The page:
Intimate letters show that the obsessions which filled Elizabeth Bowen’s novels were drawn from her own life

She is one of the greatest writers of the 20th century, an Anglo-Irish novelist and celebrated intellectual who hung out with the Bloomsbury set and wrote a masterpiece about the second world war.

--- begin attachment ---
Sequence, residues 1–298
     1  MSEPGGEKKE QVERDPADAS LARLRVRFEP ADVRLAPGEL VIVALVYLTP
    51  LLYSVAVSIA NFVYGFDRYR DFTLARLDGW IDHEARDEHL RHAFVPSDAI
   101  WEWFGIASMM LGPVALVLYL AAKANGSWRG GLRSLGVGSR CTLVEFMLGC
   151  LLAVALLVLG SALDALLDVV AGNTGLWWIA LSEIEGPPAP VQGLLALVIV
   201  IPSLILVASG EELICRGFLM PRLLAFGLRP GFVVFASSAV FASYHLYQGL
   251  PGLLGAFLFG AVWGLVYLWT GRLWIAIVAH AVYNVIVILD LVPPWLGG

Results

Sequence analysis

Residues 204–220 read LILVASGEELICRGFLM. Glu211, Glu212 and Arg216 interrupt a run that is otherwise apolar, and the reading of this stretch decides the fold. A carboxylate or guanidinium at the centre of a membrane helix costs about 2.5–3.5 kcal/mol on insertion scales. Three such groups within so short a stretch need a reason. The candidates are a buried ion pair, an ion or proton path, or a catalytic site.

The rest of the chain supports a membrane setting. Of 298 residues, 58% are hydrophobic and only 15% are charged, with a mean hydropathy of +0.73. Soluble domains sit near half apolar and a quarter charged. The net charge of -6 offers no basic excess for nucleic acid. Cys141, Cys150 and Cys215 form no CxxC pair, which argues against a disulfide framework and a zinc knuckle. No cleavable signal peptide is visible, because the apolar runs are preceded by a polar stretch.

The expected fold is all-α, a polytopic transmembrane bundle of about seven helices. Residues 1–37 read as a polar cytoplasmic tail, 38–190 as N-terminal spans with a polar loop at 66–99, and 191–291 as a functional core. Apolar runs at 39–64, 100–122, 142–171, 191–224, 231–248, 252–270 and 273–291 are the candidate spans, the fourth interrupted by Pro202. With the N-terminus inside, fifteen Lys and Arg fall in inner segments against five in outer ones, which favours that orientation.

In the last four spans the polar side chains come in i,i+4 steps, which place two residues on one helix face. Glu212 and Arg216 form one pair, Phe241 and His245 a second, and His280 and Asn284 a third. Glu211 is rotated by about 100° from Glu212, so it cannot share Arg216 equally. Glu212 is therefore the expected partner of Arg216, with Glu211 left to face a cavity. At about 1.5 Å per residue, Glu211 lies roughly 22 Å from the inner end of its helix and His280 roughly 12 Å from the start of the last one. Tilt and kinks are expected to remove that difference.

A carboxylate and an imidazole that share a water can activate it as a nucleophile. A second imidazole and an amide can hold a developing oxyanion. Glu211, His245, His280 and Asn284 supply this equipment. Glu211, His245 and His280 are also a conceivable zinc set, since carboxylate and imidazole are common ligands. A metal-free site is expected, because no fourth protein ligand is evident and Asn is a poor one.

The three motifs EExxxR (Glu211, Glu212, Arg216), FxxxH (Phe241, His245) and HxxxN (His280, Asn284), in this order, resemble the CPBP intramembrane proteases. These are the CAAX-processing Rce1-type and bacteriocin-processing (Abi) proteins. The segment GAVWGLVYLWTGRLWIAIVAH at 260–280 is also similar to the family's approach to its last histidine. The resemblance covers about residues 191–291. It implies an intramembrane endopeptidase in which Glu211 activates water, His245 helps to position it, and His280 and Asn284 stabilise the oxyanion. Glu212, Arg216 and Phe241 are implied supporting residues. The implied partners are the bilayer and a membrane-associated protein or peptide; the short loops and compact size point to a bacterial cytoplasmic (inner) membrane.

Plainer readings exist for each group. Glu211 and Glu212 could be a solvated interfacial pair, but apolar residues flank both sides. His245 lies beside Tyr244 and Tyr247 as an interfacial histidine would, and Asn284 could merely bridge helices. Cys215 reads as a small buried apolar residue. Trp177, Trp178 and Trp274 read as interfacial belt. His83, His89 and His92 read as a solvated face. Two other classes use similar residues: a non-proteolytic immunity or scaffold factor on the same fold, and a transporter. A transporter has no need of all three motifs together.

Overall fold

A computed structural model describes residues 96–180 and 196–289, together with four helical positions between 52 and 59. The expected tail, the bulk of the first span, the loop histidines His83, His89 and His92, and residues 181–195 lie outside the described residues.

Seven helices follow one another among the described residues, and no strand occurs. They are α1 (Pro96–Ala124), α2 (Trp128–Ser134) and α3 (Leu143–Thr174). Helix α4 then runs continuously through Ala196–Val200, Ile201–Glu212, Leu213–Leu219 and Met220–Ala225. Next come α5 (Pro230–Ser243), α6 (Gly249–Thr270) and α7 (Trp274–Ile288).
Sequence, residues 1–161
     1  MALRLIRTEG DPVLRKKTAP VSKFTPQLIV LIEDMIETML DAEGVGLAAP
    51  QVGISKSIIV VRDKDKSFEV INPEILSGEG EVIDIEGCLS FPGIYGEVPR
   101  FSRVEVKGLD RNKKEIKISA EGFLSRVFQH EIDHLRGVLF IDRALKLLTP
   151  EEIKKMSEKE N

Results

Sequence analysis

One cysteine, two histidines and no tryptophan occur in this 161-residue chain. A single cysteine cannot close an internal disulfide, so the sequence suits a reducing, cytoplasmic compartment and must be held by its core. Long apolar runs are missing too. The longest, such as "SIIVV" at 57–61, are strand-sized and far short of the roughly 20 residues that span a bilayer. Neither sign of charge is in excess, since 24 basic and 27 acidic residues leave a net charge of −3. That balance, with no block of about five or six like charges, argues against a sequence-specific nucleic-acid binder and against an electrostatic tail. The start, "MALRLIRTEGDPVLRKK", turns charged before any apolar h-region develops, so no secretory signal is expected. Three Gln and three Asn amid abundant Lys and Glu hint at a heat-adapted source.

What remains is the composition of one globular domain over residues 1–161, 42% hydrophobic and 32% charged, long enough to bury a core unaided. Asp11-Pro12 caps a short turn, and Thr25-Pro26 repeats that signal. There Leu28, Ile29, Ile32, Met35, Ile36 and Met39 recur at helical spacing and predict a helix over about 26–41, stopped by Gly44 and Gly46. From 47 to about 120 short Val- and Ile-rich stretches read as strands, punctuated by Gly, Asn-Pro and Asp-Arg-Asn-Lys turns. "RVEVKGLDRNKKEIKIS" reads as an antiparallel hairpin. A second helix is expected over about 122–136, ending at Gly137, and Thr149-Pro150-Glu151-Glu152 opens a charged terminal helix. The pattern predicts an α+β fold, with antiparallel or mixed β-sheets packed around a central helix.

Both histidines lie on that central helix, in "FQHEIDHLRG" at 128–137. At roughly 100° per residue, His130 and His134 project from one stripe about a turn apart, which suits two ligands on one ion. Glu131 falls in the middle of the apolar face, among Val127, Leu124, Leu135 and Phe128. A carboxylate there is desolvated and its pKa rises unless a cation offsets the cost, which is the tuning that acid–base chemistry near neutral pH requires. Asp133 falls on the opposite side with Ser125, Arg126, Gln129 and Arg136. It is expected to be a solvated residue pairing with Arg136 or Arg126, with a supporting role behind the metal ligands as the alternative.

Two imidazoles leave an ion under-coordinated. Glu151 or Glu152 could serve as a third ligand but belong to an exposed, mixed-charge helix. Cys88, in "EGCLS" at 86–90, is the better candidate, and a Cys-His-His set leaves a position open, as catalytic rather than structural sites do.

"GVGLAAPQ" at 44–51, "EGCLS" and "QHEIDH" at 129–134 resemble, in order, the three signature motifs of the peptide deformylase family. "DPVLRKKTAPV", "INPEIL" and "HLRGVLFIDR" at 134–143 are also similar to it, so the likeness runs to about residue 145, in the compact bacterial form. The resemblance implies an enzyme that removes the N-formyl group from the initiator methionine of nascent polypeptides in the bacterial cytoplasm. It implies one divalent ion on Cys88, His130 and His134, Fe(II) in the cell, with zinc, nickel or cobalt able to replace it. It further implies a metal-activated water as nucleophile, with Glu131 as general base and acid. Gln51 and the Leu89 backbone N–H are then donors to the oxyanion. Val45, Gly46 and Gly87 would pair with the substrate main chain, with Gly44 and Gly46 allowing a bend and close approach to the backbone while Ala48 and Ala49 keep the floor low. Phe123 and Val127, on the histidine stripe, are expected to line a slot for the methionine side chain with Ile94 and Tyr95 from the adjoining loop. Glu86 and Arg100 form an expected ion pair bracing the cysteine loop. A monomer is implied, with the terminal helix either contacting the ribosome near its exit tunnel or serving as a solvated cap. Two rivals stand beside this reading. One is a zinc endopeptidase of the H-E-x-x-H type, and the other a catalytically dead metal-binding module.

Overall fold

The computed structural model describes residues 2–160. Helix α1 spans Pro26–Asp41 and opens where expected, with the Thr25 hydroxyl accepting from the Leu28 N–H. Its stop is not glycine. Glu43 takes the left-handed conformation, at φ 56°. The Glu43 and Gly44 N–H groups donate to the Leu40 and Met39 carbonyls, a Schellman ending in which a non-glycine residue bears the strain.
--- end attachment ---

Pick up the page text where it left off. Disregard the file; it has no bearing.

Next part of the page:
Now, a set of extraordinary, previously unpublished letters from Elizabeth Bowen – author of The Heat of the Day – sheds new light on the author’s “obsession” with love triangles and motherless children in her fiction. The letters date from 1933, when Bowen, then 33, embarks on a love affair with the academic Humphry House, then 24, after she is invited to an all-male luncheon at Wadham College, Oxford.

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